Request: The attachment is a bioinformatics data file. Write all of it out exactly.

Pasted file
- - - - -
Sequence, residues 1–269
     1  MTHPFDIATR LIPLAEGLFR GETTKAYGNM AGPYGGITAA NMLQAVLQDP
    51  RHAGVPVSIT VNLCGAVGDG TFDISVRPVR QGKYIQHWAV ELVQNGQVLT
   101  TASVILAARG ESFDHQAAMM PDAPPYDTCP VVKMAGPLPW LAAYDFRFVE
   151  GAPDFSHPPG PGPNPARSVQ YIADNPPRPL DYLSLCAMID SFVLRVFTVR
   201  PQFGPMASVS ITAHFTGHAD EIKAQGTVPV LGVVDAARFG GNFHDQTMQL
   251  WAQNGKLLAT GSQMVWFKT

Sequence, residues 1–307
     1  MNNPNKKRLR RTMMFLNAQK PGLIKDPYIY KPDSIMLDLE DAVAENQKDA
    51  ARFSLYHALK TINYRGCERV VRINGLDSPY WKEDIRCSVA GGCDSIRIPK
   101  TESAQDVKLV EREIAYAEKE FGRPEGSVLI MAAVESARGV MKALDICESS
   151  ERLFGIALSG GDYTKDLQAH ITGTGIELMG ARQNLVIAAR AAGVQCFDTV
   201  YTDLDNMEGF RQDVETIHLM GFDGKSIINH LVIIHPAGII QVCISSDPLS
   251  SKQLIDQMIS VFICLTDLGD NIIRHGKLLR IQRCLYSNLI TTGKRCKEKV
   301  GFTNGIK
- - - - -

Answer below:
Sequence, residues 1–269
     1  MTHPFDIATR LIPLAEGLFR GETTKAYGNM AGPYGGITAA NMLQAVLQDP
    51  RHAGVPVSIT VNLCGAVGDG TFDISVRPVR QGKYIQHWAV ELVQNGQVLT
   101  TASVILAARG ESFDHQAAMM PDAPPYDTCP VVKMAGPLPW LAAYDFRFVE
   151  GAPDFSHPPG PGPNPARSVQ YIADNPPRPL DYLSLCAMID SFVLRVFTVR
   201  PQFGPMASVS ITAHFTGHAD EIKAQGTVPV LGVVDAARFG GNFHDQTMQL
   251  WAQNGKLLAT GSQMVWFKT

Sequence, residues 1–307
     1  MNNPNKKRLR RTMMFLNAQK PGLIKDPYIY KPDSIMLDLE DAVAENQKDA
    51  ARFSLYHALK TINYRGCERV VRINGLDSPY WKEDIRCSVA GGCDSIRIPK
   101  TESAQDVKLV EREIAYAEKE FGRPEGSVLI MAAVESARGV MKALDICESS
   151  ERLFGIALSG GDYTKDLQAH ITGTGIELMG ARQNLVIAAR AAGVQCFDTV
   201  YTDLDNMEGF RQDVETIHLM GFDGKSIINH LVIIHPAGII QVCISSDPLS
   251  SKQLIDQMIS VFICLTDLGD NIIRHGKLLR IQRCLYSNLI TTGKRCKEKV
   301  GFTNGIK